Second-cycle, masters degrees in Ireland, as in the United Kingdom, come in two main types, usually referred to as “taught” and “research” masters. The nomenclature is somewhat misleading as both types include research and both require input from academic staff. The taught masters degree has a higher element of structured contact with a cohort of students and a more limited individual thesis. The research masters may have little or no formal group teaching and consists mainly of an individualised research programme under an academic supervisor. The research masters is a precursor to the PhD programme and very often students who begin a research masters programme switch to a doctoral programme without completing a masters thesis. Different quality assurance regimes apply to the two types of degree.
The taught masters is subject a programme accreditation, and periodic review leading to re-accreditation, in much the same way as first cycle programmes. HETAC considers each research masters to be a separate programme of study to be individually accredited. The higher education institution (HEI) makes an application with details of the proposed research programme and particularly the proposed research supervisor. This is evaluated against a set of published criteria. There is also a process of whereby fields of study within an individual HEI are approved to submit candidates. When institutions have acquired a track record in bringing learners to graduation by the research masters route, they may apply for accreditation to maintain their own research “register”, approving the individual programmes of study for themselves, rather than submitting each candidate’s application to HETAC.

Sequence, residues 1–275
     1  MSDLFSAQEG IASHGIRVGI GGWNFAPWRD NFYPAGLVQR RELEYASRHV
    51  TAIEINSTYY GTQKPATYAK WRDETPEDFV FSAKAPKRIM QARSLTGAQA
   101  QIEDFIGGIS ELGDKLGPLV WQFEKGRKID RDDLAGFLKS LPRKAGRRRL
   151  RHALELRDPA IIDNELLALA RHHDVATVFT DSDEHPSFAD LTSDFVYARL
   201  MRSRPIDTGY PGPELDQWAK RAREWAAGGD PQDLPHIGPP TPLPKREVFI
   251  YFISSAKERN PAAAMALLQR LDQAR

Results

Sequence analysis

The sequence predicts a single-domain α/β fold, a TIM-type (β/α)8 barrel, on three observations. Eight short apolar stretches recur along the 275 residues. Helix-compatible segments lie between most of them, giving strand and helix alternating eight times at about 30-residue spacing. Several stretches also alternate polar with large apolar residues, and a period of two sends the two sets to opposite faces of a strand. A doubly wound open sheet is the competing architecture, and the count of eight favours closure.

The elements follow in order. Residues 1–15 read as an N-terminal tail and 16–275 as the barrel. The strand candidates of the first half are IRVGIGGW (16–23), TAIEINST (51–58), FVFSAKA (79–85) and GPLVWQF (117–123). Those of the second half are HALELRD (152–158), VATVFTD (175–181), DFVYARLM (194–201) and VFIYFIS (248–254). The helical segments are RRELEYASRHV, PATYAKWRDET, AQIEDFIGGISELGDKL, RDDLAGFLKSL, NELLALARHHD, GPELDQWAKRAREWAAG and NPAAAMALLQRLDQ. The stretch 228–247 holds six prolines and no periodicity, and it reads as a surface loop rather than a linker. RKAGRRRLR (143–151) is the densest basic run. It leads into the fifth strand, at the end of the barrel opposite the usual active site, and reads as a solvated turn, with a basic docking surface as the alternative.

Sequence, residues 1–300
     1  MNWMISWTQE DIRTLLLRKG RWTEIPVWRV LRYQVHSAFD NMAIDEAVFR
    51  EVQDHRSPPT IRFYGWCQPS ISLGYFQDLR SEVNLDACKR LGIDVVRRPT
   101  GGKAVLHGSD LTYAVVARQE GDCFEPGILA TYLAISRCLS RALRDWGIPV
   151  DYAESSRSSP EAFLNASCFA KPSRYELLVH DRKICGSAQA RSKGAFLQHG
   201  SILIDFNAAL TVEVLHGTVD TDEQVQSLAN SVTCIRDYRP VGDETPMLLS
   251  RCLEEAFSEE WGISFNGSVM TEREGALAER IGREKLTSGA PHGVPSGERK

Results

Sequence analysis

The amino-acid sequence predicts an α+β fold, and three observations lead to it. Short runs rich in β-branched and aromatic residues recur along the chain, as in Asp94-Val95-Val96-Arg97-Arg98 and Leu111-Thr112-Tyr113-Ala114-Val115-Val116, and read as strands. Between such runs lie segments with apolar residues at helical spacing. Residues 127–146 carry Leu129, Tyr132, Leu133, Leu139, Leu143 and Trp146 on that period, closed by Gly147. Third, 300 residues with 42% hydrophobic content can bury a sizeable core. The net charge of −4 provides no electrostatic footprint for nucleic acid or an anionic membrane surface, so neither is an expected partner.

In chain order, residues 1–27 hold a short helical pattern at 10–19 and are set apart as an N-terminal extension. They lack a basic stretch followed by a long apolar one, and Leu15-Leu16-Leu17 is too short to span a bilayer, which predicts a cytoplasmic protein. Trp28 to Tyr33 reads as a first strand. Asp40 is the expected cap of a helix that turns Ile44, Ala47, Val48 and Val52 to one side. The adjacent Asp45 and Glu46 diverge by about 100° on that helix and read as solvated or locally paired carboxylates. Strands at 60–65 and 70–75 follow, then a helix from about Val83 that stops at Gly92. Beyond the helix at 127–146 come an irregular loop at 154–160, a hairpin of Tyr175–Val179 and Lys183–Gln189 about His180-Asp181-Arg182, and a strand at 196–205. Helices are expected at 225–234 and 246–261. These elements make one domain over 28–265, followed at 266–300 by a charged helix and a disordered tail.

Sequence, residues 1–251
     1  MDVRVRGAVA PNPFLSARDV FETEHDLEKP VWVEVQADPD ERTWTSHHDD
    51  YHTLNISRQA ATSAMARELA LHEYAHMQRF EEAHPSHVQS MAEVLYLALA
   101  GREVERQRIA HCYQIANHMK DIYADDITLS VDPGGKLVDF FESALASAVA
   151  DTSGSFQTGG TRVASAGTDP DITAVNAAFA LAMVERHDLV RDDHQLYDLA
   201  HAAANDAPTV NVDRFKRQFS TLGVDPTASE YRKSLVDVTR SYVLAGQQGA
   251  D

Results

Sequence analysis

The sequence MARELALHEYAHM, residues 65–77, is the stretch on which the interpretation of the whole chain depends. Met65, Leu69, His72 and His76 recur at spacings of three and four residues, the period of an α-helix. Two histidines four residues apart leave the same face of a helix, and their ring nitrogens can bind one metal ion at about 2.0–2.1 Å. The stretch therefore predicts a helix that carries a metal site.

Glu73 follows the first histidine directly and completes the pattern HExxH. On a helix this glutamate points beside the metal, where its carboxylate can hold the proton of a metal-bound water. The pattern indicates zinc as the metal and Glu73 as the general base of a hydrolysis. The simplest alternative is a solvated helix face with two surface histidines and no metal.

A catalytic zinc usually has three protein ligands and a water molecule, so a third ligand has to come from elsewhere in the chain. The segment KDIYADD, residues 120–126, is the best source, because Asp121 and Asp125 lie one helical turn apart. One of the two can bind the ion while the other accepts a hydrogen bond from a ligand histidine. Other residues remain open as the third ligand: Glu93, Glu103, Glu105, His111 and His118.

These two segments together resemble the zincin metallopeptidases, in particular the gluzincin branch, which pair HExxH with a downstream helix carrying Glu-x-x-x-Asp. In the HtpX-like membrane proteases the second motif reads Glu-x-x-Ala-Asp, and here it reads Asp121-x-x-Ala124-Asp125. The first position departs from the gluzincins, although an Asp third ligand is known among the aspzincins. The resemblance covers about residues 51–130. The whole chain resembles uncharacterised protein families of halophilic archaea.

HETAC’s approach to quality assurance in masters education and research has been driven by the need to balance the legitimate desire for autonomy on the part of the institutions (and the efficiencies that may derive from locally operated procedures) and the concern to maintain high standards in a transparent manner, particularly given the scepticism in some quarters about the appropriateness of undertaking research training outside of traditional universities. The quality assurance of masters and research degrees was addressed in a self-evaluation published for an international peer review of HETAC in March 2006. The complex policy was found to be warranted in the circumstances but recommended for review and possible simplification as research work outside of the universities finds more widespread acceptance.
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